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Separation Counseling: Brief Interventions for Divorcing Couples
10 CEUs Separation Counseling: Brief Interventions for Divorcing Couples

Section 8 (Web #22)
How Children View Their Parents' Divorce

Question 22 | Answer Booklet | Table of Contents | Couples CEU Courses
Counselor CEUs, Psychologist CEs, Social Worker CEUs, MFT CEUs

In-depth interviews with 15 children highlight the need for policy makers and divorcing parents to listen carefully to children in order to understand children's needs and the way children interpret the situation and their own role in it.children  Separation Counseling counselor CEU course

In developing policies for children, children's own voices should be heard. Solberg (1994) emphasises the importance of attempting to see children as they are. If adult 'experts' are to make decisions for children, they need to take into account the way children experience and react to their circumstances, both past and present. This is best done by talking to children, for children are the 'experts' when it comes to their own perceptions, aspirations, worries, joys.

Adults should also treat children as active participants in social exchanges. In both research and policy making, there is a tendency to view children as products of social processes and to ignore the fact that children, like adults, often play an active role in shaping such social processes.

Over 60 years ago, Mead (1934) pointed out that humans are agents in their own lives, with the capacity for self-evaluation. According to this perspective, children develop the ability to reflect upon their own behaviour, and their self-appraisal (or self-esteem) evolves through their interaction with others in their social world. This view of children differs considerably from that implied by the concept of 'socialisation', which holds that children's behaviour is an outcome of social processes, ignoring the active role children play in shaping such processes.

Like adults, children continually interpret events in their personal world. All agents in a situation will appraise the situation differently, and each perspective helps throw light on the entire situation or social interaction. Charon (1998) noted that the past provides the tools to define the present, while Thomas and Thomas (1928) emphasised the fact that if people define situations as real, then they are real in their consequences.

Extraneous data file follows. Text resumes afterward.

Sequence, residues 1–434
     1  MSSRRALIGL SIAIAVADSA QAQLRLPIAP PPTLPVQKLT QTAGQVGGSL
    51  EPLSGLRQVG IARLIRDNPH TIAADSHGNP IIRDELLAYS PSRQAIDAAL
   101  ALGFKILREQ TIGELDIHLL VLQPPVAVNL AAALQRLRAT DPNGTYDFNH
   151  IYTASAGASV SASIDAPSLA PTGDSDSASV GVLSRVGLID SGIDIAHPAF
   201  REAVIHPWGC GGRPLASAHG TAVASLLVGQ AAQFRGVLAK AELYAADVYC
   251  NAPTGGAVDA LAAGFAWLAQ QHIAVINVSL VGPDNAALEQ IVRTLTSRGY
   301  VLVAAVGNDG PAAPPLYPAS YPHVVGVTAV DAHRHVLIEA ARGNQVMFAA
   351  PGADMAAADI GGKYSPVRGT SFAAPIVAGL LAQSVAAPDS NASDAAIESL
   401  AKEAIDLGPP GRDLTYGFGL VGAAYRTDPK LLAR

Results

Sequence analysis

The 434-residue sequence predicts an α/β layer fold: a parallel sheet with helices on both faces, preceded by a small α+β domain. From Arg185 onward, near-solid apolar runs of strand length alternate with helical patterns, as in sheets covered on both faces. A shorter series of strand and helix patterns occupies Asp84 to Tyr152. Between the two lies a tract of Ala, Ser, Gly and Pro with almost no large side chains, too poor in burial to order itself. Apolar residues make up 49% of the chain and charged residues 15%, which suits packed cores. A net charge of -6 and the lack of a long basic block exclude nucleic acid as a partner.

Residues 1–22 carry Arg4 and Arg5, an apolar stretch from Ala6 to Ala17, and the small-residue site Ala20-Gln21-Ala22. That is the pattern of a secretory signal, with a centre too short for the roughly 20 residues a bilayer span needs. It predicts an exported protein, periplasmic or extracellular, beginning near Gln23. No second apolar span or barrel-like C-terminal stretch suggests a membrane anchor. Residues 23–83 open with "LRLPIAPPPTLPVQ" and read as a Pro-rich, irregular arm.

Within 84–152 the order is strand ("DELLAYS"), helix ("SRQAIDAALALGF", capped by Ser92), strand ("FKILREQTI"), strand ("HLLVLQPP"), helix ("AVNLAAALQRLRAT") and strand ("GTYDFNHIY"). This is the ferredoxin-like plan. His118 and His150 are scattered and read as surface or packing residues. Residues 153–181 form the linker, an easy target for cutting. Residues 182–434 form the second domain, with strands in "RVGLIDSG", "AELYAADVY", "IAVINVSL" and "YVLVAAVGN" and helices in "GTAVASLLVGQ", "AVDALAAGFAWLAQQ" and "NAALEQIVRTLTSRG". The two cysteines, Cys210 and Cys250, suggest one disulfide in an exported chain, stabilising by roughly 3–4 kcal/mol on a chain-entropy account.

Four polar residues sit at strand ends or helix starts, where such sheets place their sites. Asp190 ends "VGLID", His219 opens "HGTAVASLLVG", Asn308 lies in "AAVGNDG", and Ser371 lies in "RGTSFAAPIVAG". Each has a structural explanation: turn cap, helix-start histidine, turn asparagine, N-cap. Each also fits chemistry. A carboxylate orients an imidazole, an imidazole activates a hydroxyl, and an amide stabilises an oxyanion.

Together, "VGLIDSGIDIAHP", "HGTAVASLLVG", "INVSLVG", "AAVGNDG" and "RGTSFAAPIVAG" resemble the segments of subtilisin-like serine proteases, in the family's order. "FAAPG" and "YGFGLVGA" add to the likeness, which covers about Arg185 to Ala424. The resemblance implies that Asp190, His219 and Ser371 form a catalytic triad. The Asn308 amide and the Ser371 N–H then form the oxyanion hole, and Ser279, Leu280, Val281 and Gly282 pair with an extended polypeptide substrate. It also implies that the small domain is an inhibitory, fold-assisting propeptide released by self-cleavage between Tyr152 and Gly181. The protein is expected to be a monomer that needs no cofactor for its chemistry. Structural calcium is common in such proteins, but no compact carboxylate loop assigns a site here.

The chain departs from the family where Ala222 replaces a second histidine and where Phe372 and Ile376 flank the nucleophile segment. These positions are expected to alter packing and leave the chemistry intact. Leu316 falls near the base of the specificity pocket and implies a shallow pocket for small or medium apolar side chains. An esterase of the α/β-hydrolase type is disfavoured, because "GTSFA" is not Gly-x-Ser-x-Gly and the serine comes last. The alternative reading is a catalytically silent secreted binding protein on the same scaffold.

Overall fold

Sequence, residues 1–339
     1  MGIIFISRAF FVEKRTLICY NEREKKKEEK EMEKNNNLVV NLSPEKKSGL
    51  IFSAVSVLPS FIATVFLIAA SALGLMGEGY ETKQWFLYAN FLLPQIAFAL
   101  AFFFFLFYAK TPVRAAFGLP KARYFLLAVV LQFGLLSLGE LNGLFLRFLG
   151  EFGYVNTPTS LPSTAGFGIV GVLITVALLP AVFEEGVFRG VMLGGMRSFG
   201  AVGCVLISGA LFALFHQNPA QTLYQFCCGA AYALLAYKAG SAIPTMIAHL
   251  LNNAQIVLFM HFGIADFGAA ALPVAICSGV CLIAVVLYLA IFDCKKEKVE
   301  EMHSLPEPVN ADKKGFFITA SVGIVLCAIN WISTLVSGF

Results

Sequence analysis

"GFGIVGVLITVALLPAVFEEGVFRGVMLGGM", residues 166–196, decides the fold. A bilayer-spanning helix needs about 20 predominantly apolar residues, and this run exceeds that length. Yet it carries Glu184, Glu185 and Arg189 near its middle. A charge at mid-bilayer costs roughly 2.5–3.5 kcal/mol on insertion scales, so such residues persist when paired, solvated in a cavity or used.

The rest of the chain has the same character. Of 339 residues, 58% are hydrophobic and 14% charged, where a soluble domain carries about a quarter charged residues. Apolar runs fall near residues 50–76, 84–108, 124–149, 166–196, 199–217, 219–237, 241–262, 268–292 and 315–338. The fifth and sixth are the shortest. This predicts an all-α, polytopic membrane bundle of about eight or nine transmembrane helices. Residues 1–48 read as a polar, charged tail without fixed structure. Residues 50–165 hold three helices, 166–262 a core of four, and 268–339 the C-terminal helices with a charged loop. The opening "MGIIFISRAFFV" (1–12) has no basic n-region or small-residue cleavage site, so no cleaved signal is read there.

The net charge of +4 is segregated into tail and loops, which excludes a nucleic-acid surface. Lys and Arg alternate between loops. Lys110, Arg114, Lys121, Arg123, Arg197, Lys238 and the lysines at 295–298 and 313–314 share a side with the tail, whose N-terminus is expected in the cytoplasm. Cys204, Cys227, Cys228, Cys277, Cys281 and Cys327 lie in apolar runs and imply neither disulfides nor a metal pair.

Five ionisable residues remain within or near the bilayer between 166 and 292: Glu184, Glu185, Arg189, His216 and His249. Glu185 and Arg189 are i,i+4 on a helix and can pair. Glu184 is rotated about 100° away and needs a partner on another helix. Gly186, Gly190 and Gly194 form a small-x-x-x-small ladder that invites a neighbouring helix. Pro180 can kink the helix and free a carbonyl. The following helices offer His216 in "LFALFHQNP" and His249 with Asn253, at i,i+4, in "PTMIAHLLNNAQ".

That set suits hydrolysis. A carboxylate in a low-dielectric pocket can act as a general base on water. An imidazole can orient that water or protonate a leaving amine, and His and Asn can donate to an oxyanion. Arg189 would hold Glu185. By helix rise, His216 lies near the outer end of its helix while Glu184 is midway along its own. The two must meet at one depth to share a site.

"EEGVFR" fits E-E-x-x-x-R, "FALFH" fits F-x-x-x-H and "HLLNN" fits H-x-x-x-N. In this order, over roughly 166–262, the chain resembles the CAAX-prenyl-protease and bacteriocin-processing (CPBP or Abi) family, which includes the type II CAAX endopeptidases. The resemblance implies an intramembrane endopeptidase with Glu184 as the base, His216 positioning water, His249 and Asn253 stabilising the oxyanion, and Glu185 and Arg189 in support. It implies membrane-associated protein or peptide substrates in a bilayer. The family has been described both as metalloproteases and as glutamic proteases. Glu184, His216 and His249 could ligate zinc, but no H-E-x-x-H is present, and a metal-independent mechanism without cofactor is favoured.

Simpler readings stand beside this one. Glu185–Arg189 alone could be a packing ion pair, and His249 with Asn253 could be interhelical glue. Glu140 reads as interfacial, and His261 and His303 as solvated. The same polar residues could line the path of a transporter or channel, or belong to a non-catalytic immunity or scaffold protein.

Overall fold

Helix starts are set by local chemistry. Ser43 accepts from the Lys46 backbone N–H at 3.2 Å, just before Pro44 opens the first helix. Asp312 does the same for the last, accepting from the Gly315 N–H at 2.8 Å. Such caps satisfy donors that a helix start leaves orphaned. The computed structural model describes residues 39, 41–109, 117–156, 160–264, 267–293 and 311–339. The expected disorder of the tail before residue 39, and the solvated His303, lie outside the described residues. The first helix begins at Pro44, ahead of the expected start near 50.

Thus, the way in which children (and adults) define their situations will influence their reactions to them; they will act according to the meaning that the situation holds for them. Further, they will use their experiences of the past to understand the present. Reactions are thus difficult to predict in the absence of information about the personal meaning attributed to events.

Interviewing the Children
The Children's Perspectives on Divorce study was designed to address two questions: How do children recollect their parents' separation -- that is, the time when their father left home? How do children adjust to their reorganised family and everyday life, with their father and mother living in separate households? Answers to such questions should help inform policies directed towards achieving the best outcomes for children whose parents divorce.

The study represents an offshoot of large-scale research into the consequences of divorce for children's upbringing -- research that was undertaken in Norway by a research institution (ALLFORSK), in conjunction with the University of Trondheim, the College of Trondelag, and the College of Oslo. The project was funded by the Norwegian Research Council and the Government Department of Children and Families. The large-scale research was based on a sample of 818 parents who divorced in either 1992 or 1995 and who had at least one child under the age of 18 years at the time of the divorce.

Fifteen children (ten girls and five boys) from ten of these families were interviewed. At the time of the interview, all except one child (a 16 year old) were aged 4-13 years, and their parents had been separated between three and five years. All were living with their mother, only one of whom had repartnered.

With such a small sample, no assumptions are made about whether or not the views of the children reported here apply to others who have experienced parental divorce. However, the small-scale nature of this study enabled the investigator to spend a great deal of time with the children, exploring the meaning of parental divorce in far greater depth than is usually possible. The results of this work may thus be helpful in the development of research questions about the meaning of parental divorce for children -- questions that can be examined in large-scale studies.